ST. PETERSBURG, Fla. -- Thankful for another opportunity to bolster his résumé for pro scouts, Lennon Creer made the most of his experience in the East-West Shrine game.
The Louisiana Tech running back scored on a 9-yard run with 47 seconds remaining Saturday and earned the offensive MVP award for lifting the West to a 24-17 victory.
"It was a great honor, but I've got to give it to the offensive line. I was just hoping to get out there and show what I can do," said Creer, who rushed for 80 yards on 15 carries.
Quarterbacks Chandler Harnish of Northern Illinois and Tyler Hansen of Colorado had short TD runs for the West, which rallied from an early 10-0 deficit at Tropicana Field.
Missouri Western State's Greg Zuerlein kicked a 35-yard field goal that made it 17-17 early in the fourth quarter, setting the stage for Hansen to lead the winning drive in the closing minutes.
"There's no overtime. There was some urgency. You have to do something. I don't know what it is, but you have to do something," said Hansen, who had completions of 8 and 22 yards to tight end George Bryan of North Carolina State on the last drive. "You don't want a tie. Take a shot. Make a throw you wouldn't usually. You've got to win the game, not tie the game."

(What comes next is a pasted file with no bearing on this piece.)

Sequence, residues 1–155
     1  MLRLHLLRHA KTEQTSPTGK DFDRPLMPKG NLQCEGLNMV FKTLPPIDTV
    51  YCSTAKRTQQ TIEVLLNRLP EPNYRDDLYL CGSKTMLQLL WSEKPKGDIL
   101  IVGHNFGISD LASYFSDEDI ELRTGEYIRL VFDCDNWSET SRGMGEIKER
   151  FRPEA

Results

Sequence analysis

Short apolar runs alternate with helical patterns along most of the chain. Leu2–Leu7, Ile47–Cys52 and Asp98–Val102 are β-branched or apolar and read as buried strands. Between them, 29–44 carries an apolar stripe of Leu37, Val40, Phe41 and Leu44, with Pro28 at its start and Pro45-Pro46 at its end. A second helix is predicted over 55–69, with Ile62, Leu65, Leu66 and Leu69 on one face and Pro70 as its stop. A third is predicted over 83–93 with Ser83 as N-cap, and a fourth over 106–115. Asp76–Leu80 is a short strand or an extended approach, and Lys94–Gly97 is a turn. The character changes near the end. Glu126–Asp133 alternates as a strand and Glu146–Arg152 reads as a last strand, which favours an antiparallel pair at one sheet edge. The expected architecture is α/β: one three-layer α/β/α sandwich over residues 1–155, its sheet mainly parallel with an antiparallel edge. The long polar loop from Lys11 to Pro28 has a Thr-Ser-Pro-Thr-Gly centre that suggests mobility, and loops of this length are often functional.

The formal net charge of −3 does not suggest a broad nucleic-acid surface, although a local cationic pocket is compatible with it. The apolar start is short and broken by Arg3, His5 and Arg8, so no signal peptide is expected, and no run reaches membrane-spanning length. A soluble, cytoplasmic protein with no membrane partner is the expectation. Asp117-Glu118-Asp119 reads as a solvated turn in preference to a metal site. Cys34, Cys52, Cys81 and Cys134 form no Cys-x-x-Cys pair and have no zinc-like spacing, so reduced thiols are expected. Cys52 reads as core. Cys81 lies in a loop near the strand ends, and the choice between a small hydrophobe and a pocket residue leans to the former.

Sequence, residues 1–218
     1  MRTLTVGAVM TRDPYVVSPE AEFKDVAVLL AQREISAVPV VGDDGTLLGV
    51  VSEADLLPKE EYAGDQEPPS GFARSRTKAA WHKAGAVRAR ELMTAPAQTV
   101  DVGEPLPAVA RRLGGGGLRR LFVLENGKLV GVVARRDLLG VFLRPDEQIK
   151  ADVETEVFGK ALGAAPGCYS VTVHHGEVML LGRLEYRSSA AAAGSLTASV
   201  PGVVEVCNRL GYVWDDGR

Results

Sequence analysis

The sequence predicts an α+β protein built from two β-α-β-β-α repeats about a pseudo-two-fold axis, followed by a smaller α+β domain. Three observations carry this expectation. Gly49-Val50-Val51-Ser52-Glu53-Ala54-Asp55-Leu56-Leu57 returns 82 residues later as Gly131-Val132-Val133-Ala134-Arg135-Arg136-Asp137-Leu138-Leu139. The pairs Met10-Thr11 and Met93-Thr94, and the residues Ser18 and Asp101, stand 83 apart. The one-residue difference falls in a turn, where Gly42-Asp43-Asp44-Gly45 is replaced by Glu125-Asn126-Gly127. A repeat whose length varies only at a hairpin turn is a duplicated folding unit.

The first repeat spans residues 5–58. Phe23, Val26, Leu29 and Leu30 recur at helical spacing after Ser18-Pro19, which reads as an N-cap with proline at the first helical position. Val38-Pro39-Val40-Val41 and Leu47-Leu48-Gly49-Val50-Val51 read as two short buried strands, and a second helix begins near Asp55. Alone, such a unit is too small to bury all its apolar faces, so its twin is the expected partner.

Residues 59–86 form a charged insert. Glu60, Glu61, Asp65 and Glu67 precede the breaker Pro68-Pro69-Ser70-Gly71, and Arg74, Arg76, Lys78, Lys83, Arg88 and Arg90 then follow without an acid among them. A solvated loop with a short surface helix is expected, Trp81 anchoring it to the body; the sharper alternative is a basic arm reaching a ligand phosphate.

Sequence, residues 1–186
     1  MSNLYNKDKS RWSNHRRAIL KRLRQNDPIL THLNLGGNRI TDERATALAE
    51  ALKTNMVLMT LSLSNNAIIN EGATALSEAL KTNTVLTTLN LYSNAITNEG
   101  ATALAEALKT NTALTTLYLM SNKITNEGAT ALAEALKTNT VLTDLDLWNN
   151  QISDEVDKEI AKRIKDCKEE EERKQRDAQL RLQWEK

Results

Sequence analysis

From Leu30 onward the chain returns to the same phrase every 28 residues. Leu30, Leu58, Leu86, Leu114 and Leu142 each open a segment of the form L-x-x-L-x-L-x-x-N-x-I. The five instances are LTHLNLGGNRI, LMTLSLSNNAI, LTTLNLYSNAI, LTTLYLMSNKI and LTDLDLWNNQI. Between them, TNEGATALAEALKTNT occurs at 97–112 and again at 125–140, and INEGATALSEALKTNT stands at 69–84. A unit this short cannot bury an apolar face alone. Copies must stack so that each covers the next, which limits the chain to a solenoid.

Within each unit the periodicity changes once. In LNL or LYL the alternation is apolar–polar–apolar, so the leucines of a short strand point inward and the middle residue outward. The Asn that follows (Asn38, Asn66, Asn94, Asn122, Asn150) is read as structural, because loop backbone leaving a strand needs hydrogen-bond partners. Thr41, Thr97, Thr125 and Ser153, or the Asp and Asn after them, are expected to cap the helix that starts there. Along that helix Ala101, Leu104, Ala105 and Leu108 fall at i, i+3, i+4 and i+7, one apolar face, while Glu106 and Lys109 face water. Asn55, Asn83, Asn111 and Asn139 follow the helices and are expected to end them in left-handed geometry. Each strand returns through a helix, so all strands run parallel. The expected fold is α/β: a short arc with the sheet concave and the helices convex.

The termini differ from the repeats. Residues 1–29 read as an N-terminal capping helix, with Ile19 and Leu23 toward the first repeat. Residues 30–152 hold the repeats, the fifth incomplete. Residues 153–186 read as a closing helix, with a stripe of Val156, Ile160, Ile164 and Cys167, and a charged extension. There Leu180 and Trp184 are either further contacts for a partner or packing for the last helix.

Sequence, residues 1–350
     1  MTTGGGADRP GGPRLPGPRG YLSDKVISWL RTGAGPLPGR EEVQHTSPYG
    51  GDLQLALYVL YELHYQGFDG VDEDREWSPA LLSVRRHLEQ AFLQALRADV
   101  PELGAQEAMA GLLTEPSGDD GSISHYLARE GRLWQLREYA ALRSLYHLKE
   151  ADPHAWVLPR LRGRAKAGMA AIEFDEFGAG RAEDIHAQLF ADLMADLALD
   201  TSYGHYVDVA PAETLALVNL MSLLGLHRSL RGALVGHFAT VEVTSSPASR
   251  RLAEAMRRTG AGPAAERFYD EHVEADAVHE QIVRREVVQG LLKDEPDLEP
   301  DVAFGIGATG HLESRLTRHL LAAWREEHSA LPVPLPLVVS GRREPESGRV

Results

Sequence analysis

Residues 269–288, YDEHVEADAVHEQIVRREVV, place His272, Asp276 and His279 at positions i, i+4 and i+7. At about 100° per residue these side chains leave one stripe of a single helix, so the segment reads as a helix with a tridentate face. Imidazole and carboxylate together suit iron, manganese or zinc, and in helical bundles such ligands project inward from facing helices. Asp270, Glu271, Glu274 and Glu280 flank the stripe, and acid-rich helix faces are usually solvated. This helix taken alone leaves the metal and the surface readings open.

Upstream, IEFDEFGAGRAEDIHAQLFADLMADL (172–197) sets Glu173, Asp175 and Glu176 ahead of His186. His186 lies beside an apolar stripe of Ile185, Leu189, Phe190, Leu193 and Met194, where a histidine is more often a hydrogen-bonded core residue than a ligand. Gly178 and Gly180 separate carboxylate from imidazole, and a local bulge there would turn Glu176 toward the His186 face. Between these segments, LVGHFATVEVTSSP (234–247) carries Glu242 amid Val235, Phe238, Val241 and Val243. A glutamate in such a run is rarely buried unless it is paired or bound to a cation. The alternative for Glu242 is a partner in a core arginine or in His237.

Michigan State's B.J. Cunningham and Miami's LaRon Byrd caught touchdown passes for the East, which also got an early field goal from Georgia's Blair Walsh.
Penn State safety Nick Sukay had a fourth-quarter interception for the East and was the game's defensive MVP.
Tennessee-Chattanooga's B.J. Coleman teamed with Tennessee Tech's Tim Benford on a 28-yard pass play to set up Walsh's field goal on East's opening possession of the game. His 21-yard completion to Cunningham, who broke a tackle and continued into the end zone, made it 10-0.
While most of the players who will be selected early in the NFL draft will be in Mobile, Ala., for next week's Senior Bowl, the prospects in the East-West game were hoping to impress and enhance their chances of being selected in the later rounds and winding up in NFL training camps as undrafted free agents.